The Diverse Coral Triangle: Bunaken Marine Park’s Biodiversity Marvel
Coral reefs are considered the most diverse ecosystems on the planet, and this is especially true for anywhere found in the ‘Coral Triangle’ such as ;Indonesia, The Philippines, Papua New Guinea and Malaysia. North Sulawesi sits directly in the heart of the coral triangle, and therefore experiences an almost unparalleled variety of marine life. Bunaken Marine Park is estimated to host over 2000 species of fish, which means that life on our coral reefs is extremely competitive. Different creatures have evolved a number of ways to be able to cope with competition and avoid predation, but one of the most fascinating animal adaptations that we can easily observe whilst diving is mimicry and camouflage.
Mimicry in the Coral Realm: Nature’s Deceptive Strategy
Mimicry involves at least two different species. Sometimes these different species belong to the same genera, but often they belong entirely to another family that may have similar features, such as size, colour or shape. One of the species involved in mimicry is called the ‘model’ and will have a particular feature that is off putting to other creatures. This could be anything from venomous stinging barbs, poisonous flesh, a painful bite, A foul taste, or perhaps as simple as not being considered a food source. The idea is that the species that mimics the model tricks other organisms into believing it is one of them, and therefore is of no interest, or should be avoided.
Masters of Disguise: Intriguing Examples of Marine Mimicry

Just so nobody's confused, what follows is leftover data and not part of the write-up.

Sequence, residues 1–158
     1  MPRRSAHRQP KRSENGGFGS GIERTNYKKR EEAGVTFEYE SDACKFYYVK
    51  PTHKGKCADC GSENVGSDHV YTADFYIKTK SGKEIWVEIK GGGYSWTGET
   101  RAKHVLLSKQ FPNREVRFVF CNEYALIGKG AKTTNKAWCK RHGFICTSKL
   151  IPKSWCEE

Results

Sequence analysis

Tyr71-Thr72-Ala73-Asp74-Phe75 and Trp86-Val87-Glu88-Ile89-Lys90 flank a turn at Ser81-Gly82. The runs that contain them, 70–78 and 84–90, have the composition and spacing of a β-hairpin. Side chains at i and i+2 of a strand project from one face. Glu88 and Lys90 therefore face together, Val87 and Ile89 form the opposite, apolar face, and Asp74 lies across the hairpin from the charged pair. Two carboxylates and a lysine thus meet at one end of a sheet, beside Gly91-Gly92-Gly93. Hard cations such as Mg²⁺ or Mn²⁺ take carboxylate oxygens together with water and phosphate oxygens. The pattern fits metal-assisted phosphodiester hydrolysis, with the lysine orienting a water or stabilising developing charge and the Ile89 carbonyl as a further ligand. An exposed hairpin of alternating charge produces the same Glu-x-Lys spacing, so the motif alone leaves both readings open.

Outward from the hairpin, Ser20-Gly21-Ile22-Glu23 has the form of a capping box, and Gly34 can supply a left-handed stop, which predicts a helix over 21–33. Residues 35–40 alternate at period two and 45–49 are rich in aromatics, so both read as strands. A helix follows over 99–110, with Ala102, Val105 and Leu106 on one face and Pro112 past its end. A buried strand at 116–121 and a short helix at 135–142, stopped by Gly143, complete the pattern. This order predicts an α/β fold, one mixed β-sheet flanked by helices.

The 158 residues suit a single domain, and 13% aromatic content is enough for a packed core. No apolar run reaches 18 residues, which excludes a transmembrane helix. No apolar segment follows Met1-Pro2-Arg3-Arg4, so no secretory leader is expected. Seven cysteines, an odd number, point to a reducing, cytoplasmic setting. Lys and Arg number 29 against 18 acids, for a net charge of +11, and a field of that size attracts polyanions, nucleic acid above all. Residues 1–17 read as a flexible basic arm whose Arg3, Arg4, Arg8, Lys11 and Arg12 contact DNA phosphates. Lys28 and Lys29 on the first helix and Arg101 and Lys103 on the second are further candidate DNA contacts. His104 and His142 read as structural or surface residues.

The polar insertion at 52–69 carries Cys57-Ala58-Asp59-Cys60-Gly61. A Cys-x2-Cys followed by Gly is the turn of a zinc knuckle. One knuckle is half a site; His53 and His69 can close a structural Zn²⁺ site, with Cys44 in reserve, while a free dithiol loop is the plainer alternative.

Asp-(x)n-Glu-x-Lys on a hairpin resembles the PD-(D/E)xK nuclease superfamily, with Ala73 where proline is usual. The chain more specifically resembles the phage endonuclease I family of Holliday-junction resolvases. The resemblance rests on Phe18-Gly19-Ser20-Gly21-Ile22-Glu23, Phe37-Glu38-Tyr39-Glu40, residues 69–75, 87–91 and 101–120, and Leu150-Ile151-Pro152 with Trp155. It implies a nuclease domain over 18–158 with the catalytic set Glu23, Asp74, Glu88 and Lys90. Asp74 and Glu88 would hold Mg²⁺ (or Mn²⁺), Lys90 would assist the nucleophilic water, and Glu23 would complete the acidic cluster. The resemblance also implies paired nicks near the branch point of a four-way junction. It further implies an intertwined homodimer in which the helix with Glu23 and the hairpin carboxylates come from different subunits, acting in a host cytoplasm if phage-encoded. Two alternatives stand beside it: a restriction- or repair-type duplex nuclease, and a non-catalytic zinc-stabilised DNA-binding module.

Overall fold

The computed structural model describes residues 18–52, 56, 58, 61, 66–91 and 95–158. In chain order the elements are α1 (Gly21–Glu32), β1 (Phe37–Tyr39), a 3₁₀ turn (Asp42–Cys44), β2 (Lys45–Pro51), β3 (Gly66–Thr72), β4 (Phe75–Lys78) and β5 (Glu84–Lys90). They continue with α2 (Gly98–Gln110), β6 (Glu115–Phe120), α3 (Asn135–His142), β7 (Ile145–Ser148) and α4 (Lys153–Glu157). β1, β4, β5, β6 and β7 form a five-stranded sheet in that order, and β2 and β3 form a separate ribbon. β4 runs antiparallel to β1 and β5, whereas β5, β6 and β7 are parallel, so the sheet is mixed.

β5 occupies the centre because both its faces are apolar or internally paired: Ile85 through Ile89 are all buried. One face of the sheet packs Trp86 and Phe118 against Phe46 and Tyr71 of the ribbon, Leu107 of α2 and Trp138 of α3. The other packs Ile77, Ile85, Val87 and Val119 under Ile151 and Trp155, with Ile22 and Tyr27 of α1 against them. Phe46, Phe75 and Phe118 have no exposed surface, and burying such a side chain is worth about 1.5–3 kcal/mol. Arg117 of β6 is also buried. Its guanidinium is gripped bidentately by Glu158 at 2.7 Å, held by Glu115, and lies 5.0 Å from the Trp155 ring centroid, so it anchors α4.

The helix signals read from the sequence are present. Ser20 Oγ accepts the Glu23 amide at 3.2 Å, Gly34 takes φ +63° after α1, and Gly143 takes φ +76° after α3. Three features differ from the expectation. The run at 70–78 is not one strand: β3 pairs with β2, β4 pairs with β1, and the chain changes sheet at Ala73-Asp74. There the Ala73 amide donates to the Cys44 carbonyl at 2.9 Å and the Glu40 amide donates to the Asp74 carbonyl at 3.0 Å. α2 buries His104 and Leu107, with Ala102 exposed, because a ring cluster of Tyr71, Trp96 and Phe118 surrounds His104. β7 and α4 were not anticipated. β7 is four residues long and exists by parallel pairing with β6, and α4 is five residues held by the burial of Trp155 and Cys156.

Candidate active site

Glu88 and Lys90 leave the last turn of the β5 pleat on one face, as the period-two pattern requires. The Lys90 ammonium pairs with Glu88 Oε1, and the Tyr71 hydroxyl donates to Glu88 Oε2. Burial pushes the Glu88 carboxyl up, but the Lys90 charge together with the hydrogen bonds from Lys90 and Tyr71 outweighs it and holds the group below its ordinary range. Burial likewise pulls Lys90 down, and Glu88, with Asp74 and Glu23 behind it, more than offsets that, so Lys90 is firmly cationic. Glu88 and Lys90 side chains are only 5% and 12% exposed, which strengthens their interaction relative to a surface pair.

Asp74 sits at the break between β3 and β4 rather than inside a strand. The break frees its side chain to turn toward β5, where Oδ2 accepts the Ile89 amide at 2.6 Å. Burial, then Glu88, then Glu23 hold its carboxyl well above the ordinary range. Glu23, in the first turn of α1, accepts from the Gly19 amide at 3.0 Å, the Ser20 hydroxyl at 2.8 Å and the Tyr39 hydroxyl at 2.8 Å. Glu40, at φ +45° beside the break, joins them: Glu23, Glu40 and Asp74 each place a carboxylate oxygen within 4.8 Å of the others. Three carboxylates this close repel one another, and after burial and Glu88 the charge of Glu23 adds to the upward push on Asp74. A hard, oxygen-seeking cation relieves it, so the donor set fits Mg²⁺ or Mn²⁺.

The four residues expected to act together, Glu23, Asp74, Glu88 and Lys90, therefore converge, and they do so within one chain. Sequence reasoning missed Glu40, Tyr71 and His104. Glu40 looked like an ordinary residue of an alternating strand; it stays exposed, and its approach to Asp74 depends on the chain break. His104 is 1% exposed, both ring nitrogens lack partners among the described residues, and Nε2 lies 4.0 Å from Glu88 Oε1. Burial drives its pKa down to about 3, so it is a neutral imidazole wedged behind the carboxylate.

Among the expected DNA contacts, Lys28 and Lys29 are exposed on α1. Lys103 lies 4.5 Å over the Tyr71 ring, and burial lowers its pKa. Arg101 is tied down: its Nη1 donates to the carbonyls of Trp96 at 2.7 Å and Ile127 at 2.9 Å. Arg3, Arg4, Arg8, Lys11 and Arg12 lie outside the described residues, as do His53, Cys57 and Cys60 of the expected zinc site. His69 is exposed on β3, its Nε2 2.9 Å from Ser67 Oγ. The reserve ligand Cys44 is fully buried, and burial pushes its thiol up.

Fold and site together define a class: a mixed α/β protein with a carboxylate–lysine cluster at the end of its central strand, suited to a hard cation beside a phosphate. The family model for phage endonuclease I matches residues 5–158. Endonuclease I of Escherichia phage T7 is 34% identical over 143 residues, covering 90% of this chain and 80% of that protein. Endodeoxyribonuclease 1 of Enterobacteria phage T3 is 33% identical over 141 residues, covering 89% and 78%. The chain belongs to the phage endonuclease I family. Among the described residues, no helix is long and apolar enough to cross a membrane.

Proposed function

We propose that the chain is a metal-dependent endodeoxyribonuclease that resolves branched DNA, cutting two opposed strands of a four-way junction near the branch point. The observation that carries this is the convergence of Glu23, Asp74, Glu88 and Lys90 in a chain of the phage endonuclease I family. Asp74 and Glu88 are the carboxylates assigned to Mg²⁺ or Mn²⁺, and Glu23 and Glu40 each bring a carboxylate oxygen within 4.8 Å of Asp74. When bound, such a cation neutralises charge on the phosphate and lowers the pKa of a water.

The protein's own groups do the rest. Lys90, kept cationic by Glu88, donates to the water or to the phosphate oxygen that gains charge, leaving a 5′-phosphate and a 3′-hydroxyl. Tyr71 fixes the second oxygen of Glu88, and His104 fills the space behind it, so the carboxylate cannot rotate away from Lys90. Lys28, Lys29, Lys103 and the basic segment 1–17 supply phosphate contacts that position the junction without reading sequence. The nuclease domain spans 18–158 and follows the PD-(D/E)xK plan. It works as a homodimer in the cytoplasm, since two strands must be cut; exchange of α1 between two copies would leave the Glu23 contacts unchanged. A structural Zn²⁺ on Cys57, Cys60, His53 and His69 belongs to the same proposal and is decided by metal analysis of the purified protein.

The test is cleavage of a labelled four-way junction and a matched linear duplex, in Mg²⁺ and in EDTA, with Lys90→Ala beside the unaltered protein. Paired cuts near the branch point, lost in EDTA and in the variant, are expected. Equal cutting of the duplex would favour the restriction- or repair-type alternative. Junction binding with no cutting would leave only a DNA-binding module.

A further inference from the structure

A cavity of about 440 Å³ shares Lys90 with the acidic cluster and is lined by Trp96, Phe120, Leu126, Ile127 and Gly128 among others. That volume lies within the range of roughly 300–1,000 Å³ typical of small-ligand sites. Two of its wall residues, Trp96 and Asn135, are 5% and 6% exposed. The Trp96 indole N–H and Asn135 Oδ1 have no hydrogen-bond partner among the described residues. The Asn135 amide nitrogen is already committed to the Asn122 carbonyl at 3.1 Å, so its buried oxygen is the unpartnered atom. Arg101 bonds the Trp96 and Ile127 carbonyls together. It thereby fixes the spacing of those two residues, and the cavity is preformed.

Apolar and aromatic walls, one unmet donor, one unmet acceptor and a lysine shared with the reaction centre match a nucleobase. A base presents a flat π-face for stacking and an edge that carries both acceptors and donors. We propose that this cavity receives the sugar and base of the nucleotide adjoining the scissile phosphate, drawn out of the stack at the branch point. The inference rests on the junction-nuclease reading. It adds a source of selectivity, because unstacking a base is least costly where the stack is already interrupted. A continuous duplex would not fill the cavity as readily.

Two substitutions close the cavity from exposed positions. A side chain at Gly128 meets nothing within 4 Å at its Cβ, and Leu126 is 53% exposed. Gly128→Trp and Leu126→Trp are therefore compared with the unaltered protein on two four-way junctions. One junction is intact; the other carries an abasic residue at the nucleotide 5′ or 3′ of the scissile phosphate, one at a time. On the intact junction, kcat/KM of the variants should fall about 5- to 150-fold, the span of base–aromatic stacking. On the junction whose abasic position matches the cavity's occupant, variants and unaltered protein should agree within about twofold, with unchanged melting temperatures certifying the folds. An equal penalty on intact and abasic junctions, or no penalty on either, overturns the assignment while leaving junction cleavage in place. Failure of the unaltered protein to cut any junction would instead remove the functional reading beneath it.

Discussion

While you can see examples of mimicry all over the world, Bunaken Marine Park offers a huge variety of some truly incredible mimicry & camouflage. The beautiful yet subtle ‘Robust Ghost Pipefish’ is found on some of the walls surrounding Bunaken & Siladen, but is most frequently encountered whilst muck diving on the Sulawesi mainland. They typically live in pairs and drift with the currents or surge, looking more like a piece of detached sea grass than a fish. Another great example is the ‘Mimic File-Fish’, which has evolved to look almost identical to the highly poisonous ‘Black Saddled Toby’, and even follows its model around to further confuse potential predators.
Survival Through Deception: The Art of Aggressive Mimicry
Most species of octopus lack any kind of physical defense such as spines or a powerful bite, however their ability to mimic their surroundings is second to none. In a fraction of a second they can completely alter their colour and texture, blending into the background and effectively disappearing. The aptly named ‘Mimic Octopus’ takes another approach and changes its shape to match that of a creature that should be avoided such as a lionfish or a sea snake. In its new form it can casually swim away from predators that now fear for their own safety.
Discovering the Wonders of Bunaken: A Seasonal Dive into Marine Mimicry
While many creatures have evolved mimicry to keep safe from predators, others have evolved it to bring prey to them. This is known as aggressive mimicry. The skin of the ‘Warty Frogfish’ looks very similar to the surface of a sponge. It slowly creeps up on its prey, before dangling a shrimp looking lure close to its mouth. When the prey thinks it has an easy meal and goes for the attack, the frogfish drops its lower jaw and engulfs its prey in a split second. The juvenile of the ‘Two-Spot Red Snapper’ looks very similar to some species of Damselfish, which are herbivores and therefore not feared by other marine species. The snapper will use this mimicry to approach any unsuspecting prey.
These are just a few of the countless fantastic examples of mimicry that you can witness whilst scuba diving in Bunaken Marine Park. Just like many terrestrial animals, the critters that we see underwater can be seasonal, so you will always get fresh chances to discover new things.